July 2009


Name: Keppel’s Wholesale Confectionery Company Building

Address: 323-329 North Queen Street

Built: 1913 (323-325); unknown (327-329)

Architect: C. Emlen Urban; unknown

The former R.F. Keppel & Bro. factory on North Queen Street is an elegant heap of a building, half Beaux-Arts dandy, half square-jawed pugilist, and crowned by a rusting industrial spire that looks like it was conjured out of a Charles Demuth painting.  In a town that gave birth to Hershey’s, Peeps, and chocolate Easter bunnies (none of which were a Keppel innovation) the building had a long but undistinguished clock-punching career as a candy factory.  But in its afterlife, the Keppel Building has transformed into an ad-hoc cultural institution that’s the envy of forgotten industrial buildings everywhere.  Lured by adaptable space and cheap rents, dozens of artists and musicians have taken up residence within its walls, beatifying the structure through the simple act of  doing exactly whatever they want to do within it.

The building was recently sold, and rents are reportedly going up.  The new developer has inevitable condominium aspirations, but radical change does not appear imminent.  Which in this case is a very good thing.  This is a building that’s comfortable in its own skin, be it terra cotta, brick, or rusting corrogated metal.

Lancaster Station

Eastbound, Lancaster Station (B. Leech, May 2009)

As you may have heard, Kodak recently announced that its signature Kodachrome slide film will be discontinued at the end of the summer, a few months shy of its 75th anniversary.  While most people will forever associate Kodachrome with that Paul Simon song, any fan of architecture, photography, or urban history should be equally familiar with the work of another man– Charles W. Cushman (1896-1972).  Cushman was a zealous amateur photographer and globetrotter in the early days of Kodachrome, and his life’s work (available online here through the benevolence of the Indiana University Archives) is testament to Kodachrome film’s visceral, almost alchemical ability to capture the colors, textures, and details of the built environment.

Harpers Ferry, WV

Harpers Ferry, West Virginia (1940)

New Orleans, Louisiana (1941)

New Orleans, Louisiana (1941)

New York City, 1942

New York City (1942)

Chicago, Illinois (1946)

Chicago, Illinois (1946)

It is our loss that Cushman never passed through Lancaster– the closest he came, it seems, was Harrisburg in 1941.  But the world he photographed– the dynamism of everyday life amid the forthright patina of weathered cities– still surrounds us here.  At the twilight of the Kodachrome age, there is still time to document the city in a way that Cushman might have done.

To eulogize the passing of Kodachrome, Lancaster Building Conservancy is calling all interested photographers to participate in the First (and Last) Annual Lancaster Kodachrome Campaign.  Dust off your film camera, pick up a few rolls of Kodachrome, and take to the streets.  The Campaign will culminate in the fall with an exhibit of your best images, along with any historic Kodachrome slides we can dig up (if you have any you’d like to share, please contact bentleech@gmail.com).  Stay tuned for submission details and event info.  Kodachrome processing is notoriously slow, so there will be plenty of time to hammer out the details.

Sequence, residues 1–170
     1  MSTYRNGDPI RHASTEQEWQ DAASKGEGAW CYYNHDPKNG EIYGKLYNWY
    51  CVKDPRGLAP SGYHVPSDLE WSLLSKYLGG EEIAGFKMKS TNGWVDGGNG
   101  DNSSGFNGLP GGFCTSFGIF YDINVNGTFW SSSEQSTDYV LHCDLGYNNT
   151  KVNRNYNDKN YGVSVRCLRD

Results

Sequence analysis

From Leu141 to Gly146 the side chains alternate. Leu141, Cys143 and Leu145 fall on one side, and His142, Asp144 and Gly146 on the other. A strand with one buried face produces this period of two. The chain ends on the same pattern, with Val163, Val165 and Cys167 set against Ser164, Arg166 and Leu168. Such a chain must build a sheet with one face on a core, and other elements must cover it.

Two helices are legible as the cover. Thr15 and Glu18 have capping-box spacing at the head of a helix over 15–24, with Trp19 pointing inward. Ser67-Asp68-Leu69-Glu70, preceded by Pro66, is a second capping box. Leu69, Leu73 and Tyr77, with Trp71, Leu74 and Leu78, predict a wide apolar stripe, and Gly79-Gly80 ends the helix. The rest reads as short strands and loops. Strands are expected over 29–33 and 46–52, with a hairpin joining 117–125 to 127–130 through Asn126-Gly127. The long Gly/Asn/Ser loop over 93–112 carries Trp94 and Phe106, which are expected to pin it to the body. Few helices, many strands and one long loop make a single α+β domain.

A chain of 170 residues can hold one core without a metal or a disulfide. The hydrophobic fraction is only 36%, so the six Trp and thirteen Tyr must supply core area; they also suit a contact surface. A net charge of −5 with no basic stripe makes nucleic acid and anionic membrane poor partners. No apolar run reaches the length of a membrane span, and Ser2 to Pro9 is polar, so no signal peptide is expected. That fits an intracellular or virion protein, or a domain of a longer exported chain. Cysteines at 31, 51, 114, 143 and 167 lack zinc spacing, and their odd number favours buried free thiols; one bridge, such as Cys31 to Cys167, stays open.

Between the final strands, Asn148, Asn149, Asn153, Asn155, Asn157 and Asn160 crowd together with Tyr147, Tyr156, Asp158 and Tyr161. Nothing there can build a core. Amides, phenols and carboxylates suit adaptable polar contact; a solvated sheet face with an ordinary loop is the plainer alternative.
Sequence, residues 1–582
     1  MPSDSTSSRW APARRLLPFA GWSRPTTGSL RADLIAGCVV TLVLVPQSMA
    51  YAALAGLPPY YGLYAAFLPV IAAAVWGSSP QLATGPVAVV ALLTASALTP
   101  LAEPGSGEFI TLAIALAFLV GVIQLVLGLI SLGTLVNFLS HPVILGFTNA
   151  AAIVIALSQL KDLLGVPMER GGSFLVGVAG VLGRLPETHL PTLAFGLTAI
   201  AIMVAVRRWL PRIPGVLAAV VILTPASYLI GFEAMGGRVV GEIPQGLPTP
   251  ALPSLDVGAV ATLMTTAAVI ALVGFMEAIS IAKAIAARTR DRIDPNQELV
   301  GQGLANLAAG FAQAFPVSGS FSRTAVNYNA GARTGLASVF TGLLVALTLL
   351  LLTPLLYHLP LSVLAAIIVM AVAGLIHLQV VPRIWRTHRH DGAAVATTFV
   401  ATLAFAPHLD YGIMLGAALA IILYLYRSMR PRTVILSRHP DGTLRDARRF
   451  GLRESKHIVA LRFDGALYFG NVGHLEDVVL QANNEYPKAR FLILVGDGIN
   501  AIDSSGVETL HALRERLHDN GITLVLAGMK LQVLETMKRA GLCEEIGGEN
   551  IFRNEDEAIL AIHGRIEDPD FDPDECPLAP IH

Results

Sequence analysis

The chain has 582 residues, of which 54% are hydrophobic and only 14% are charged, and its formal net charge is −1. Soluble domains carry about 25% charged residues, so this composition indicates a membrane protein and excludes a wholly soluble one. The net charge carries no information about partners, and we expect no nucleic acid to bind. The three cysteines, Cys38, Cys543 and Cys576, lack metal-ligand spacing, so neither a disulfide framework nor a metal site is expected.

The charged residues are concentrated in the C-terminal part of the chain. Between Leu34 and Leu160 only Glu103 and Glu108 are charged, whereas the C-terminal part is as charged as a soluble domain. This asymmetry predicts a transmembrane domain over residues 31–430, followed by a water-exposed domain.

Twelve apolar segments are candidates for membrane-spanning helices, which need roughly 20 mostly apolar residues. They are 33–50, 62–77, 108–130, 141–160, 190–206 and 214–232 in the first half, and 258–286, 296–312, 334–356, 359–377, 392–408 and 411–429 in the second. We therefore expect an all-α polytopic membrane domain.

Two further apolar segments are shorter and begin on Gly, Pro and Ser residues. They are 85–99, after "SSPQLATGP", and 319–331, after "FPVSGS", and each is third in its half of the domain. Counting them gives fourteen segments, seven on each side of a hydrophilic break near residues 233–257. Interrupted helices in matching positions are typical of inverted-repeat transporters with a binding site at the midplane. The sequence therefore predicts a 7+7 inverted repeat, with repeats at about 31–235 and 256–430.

Groff Funeral Home

One in a series of portraits of Lancaster’s landmark architecture, acknowledged or not.

Name: Fred F. Groff Funeral Home

Address: 234 West Orange Street

Built: 1954

Architect: Henry Y. Shaub

The Fred F. Groff Funeral Home is an enigma: a monumental slab of a building tucked discreetly into the rowhouse-dominated streetscape of West Orange Street.  Resembling nothing so much as an enourmous barge to ferry the dead across the river Styx, the building exudes a mysterious sobriety in spite of the gleaming stainless steel curlicues of its Eisenhower-era signage.  Befitting a house of coffins, cadavers, and hearses, the building travels along starkly horizontal lines, from its long Roman bricks to its sweeping ribbons of marble.  Its entry portals glow like the Art Deco pearly gates etched into a flat limestone tablet looming mutely above the Orange Street sidewalk.

The building is the work of Henry Y. Shaub, a Lancaster native whose other notable contributions include the Posey Ironworks (1910, 1916), Shaub’s Shoes (1929), and McCaskey High School (1938).

Strawbelly Hill_detail_2toneLBC

The first in a series of portraits of landmark Lancaster architecture, well-known or not….

The Strawberry Hill Grocery, aka Mamta Grocery Store, stands sentinel at the crest of Strawberry Street before its long plunge down Cabbage Hill towards the old Conestoga Steam Mills.  It is an especially exhuberant example of that most enduring of neighborhood institutions– the corner grocery.  Built in the mid-1890s as an odd Chateauesque flourish anchoring a ten-unit rowhouse development, the corner has remained a grocery of one sort or another ever since.  The widow Catharine St. Clair kept a store here in 1899, as did three generations of the Stauffer family (though not of the Stauffer’s of Kissel Hill fame) in the waxing twentieth century.  The ensuing years brought a formstone skin and asphalt shingles, though its slate-roofed turret survives unscathed.  Now tattooed with ads for cigarettes and iced tea, Coca-Cola and ice cream bars, the building nevertheless maintains a perseverant dignity.  Today’s storekeepers are Indian immigrants (Mamta, I am told, means “motherly love”) who bemoan their long days behind the counter surrounded by Cheetoes, Newports and Slim Jims, and who stoically keep a small bin of fresh vegetables for sale.  They report that they are strict vegetarians (no meat, no chicken, no candy) who want more time to cook and to sleep.

Name: Strawberry Hill Grocery

Address: 100-102 West Strawberry Street

Built: c. 1895

Architect: Unknown